"Keber aims for a scholarly audience in this meticulously researched volume that abounds in detail and rests on documentation gleaned from repositories in France, South Africa, Mauritius, India, and Georgia. . . . Seas of Gold, Seas of Cotton is a finely crafted history, and perhaps more impressive, a model of the way in which the historian dependent principally on public records may fashion a biography."
—History: Review of New Books
Uprooted by the French Revolution, DuBignon fled to Georgia late in 1790, settling among other refugees from France and the Caribbean. A community long overlooked by historians of the American South, this circle of planters, nobles, and bourgeois was bound together by language, a shared faith, and the émigré experience.
On his Jekyll Island slave plantation, DuBignon learned to cultivate cotton. However, he underwrote his new life through investments on both sides of the Atlantic, extending his business ties to Charleston, Liverpool, and Nantes. None of his ventures, Martha L. Keber notes, compelled DuBignon to dwell long on the inconsistencies between his entrepreneurial drive and his noble heritage. His worldview always remained aristocratic, patriarchal, and conservative.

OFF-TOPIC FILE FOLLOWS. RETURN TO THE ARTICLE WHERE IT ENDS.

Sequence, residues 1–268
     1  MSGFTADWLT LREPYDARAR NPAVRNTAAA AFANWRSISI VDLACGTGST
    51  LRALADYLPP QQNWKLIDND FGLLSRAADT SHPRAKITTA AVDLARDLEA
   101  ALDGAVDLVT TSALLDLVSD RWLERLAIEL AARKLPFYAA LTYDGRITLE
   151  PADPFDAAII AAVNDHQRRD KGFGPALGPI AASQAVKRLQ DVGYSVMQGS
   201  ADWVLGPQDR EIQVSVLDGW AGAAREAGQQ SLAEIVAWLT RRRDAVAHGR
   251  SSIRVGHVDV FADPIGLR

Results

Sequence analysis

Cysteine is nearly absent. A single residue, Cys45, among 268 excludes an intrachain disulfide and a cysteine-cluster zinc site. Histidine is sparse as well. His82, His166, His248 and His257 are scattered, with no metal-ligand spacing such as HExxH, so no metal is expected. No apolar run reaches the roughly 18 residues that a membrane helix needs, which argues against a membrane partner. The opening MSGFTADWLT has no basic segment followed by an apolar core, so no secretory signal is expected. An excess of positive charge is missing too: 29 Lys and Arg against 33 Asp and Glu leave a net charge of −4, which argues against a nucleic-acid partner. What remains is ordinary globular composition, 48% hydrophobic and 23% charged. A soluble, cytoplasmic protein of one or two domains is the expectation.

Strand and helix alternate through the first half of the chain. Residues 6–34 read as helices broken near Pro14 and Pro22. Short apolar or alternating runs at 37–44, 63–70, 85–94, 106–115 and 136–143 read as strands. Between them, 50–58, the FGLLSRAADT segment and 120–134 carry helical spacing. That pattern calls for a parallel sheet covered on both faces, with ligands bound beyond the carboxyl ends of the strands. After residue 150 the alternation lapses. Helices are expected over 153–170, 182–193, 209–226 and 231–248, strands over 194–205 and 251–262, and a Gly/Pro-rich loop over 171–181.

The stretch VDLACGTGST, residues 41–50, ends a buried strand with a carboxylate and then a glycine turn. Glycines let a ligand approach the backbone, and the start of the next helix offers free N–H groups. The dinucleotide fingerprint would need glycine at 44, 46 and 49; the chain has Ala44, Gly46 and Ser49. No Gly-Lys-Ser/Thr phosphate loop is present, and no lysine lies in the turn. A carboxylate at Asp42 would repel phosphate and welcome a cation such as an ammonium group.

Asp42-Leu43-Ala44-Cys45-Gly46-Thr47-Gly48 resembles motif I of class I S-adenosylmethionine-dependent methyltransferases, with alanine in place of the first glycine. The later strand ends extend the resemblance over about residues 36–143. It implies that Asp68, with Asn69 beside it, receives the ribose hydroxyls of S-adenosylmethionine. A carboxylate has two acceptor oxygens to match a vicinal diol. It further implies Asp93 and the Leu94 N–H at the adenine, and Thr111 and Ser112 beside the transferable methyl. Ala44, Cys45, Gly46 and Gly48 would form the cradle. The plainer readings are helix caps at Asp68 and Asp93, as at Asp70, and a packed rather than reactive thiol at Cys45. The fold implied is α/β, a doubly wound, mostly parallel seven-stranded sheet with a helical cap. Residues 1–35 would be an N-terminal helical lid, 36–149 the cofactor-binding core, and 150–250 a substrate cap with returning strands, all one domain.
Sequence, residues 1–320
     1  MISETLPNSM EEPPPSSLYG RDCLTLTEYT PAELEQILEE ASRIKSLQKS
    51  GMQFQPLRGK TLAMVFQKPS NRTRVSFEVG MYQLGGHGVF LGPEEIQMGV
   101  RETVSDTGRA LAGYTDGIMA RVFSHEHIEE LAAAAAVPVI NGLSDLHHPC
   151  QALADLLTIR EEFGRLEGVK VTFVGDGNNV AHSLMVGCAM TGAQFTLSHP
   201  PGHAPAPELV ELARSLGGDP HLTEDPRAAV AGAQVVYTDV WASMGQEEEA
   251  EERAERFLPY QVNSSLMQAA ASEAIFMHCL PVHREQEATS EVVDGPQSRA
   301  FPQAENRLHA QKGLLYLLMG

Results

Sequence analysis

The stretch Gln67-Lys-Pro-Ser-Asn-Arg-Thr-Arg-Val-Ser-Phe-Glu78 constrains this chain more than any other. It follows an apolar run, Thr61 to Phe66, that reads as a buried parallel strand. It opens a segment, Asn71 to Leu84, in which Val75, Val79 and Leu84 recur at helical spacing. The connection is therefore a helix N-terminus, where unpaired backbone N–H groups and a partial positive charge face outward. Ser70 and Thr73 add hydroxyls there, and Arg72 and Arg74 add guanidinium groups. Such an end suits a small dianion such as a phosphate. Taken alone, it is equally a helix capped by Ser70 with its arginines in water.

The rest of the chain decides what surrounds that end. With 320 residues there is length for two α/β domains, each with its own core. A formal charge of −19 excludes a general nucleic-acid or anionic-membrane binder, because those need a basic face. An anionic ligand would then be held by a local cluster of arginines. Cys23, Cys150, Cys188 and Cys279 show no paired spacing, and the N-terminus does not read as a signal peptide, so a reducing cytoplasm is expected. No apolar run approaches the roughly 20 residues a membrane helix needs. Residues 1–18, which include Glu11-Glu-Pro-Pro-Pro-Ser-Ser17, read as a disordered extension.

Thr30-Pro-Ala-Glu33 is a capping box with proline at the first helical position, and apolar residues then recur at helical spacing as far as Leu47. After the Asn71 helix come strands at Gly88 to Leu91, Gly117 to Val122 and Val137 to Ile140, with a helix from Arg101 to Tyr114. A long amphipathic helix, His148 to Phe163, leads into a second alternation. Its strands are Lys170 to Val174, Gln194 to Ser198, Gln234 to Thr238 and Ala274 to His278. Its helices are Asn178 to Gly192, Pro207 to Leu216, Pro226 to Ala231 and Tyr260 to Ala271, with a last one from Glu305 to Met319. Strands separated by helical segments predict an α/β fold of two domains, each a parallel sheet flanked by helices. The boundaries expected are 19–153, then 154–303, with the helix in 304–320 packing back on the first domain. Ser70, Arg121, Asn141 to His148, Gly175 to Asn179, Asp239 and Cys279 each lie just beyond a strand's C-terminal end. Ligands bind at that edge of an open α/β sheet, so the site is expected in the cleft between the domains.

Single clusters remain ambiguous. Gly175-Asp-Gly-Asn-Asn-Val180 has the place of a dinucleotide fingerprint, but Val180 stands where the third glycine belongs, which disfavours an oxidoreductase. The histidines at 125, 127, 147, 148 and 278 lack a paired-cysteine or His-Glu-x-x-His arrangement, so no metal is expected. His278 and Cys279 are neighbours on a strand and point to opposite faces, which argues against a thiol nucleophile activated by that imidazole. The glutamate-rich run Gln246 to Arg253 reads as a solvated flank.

DuBignon's passage of eighty-six years took him from a tradition-bound Europe to the entrepôts of the Indian Ocean to the plantation culture of a Georgia barrier island. Wherever he went, commerce was the constant. Based on Keber's exhaustive research in European, African, and American archives, Seas of Gold, Seas of Cotton portrays a resilient nobleman so well schooled in the principles of the marketplace that he prospered in the Old World and the New.
Read more about Christophe Poulain DuBignon at the New Georgia Encyclopedia.
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